After a night celebrating Nicole’s arrival in Australia and our last night with our jersey friend Emily, this morning was a mad rush. We overslept, hadn’t packed our small bags for our tour and needed to check out. We were meant to be being picked up at 7.25 and we were very proud of ourselves that we were only five minutes late! We sat at the front of our hostel waiting for the bus and when it didn’t arrive for fifteen minutes, Juliet went to call the company. Unfortunately the bus had come and gone and we’d missed it (so typical) but luckily, it was coming back to get us, so all was not lost!
After a scenic drive along the coast up to the Cape Tribulation rainforest and a short coffee and toilet break, we arrived at our first stop: a crocodile boat tour. We all boarded the boat and set off down the most highly populated (by crocodiles) river in Cape Trib. Within five minutes we had seen our first crocodile, a huge, light grey female, lazing on the banks. Soon after that we saw another two and even a baby! Crocodiles really aren’t that exciting as they literally just lie there looking like logs, I actually didn’t even see any of them move. However I’m glad I’ve seen one in it’s natural habitat in the rainforest, even if it wasn’t lashing out, hunting for food. Our next stop after that was a board walk through the mangroves and some amazing species of plants. We learnt how the aboriginals used the different plants to help them in life, as obviously they didn’t have shops, doctors or electronics. We learnt about the long leaves of a tree which have tiny little spikes on them, and the aboriginals tied them round their heads if they had headaches and the needles worked like acupuncture. There was also a wide leaved tree which is very sensitive to change in the air when a storm is coming. This is because the cyclones in Australia would literally destroy it’s wide leaves so when the plant senses a storm, it rolls all of it’s wide leaves up and bunches them together – so amazing! Obviously this meant that the aboriginals could tell when a storm was approaching, simply by looking at the plant. We also saw medical sap, house making branches and many other natural things which are a part of the every day life of an aboriginal.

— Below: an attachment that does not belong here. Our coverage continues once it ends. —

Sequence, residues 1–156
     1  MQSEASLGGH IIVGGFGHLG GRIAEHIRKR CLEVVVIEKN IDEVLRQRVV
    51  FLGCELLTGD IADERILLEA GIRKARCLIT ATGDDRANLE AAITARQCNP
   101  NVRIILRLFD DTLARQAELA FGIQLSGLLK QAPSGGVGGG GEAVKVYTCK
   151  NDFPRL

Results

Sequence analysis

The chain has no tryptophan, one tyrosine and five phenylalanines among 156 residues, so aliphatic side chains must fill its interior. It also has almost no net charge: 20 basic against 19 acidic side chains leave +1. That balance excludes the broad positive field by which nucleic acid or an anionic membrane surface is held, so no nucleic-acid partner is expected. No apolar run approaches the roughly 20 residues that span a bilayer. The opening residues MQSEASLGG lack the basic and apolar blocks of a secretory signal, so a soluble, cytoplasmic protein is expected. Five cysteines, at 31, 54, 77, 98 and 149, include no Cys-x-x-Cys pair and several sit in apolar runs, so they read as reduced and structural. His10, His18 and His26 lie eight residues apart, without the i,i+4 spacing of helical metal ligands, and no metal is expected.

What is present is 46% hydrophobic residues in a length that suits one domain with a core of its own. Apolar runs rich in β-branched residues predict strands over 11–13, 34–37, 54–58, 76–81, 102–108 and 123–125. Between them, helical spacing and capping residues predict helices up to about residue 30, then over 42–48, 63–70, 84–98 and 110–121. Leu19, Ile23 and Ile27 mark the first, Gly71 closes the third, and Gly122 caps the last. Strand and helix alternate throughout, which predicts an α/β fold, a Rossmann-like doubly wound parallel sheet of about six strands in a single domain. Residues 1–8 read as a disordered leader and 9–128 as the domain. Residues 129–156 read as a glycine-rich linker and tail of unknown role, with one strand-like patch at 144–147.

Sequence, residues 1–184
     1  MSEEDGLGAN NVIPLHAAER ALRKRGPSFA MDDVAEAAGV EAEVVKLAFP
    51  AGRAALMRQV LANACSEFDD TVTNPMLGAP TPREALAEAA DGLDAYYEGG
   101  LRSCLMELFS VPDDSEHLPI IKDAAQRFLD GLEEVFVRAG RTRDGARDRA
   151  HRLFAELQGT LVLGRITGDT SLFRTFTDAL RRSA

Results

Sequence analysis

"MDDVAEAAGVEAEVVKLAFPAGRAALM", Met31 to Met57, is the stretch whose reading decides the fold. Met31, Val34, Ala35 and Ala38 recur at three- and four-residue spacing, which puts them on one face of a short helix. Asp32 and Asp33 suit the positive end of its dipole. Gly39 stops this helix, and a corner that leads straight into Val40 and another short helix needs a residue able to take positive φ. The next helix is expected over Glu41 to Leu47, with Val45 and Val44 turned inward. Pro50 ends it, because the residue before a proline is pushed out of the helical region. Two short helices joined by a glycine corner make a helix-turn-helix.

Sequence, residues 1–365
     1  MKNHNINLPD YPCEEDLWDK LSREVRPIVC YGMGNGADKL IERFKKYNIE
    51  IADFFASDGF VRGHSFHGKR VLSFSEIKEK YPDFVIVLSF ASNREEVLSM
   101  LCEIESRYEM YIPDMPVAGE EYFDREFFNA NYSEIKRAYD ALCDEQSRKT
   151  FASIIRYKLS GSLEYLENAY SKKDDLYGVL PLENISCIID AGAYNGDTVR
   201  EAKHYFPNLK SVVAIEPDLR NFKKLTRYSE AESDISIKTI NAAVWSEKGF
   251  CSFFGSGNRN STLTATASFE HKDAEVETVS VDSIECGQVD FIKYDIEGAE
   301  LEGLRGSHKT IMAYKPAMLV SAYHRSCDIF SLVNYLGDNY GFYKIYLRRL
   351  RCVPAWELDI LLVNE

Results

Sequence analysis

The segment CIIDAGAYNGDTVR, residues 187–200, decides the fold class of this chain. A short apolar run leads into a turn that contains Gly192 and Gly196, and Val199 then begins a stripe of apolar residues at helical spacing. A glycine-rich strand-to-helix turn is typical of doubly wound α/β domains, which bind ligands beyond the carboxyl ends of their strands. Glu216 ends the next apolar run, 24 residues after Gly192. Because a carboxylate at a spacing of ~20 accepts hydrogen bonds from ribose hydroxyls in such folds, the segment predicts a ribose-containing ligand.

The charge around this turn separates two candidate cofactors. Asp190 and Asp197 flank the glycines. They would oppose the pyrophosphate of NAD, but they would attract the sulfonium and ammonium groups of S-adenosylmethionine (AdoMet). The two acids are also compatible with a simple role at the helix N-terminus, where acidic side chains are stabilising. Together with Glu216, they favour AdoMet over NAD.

When we arrived at the hostel around lunchtime I was so exhausted and actually felt quite ill so I literally slept all afternoon. The hostel is in the middle of no where and as it was raining there wasn’t much for the others to do. I had a lovely snooze though!
After lots of games of cards and chit chat, dinner time finally came around and we set off to find our restaurant. We’d heard about one called Whet that does good food and so we set off in the dark and the rain down the rainforest road to try and find it. It did feel a bit like a horror movie walking down the road with no one around, no lights, no people, no nothing but about ten minutes later we saw the restaurant. Unfortunately, after our serious bravery trying to get to the restaurant, we discovered it was fully booked (how, I have no idea as there’s literally no one in the jungle…) and so we had to take the walk back to our hostel. We’d built up a good appetite and so just ate there.
It’s 8.30pm and we are all in bed! It’s the earliest night I’ve had since travelling but living by the natural jungle light makes it feel a lot later than it is, and despite the fact that I slept all afternoon, we were all struggling to stay awake at dinner. Jungle life is exhausting and the prospect of a 12 hour sleep ahead is a very very exciting.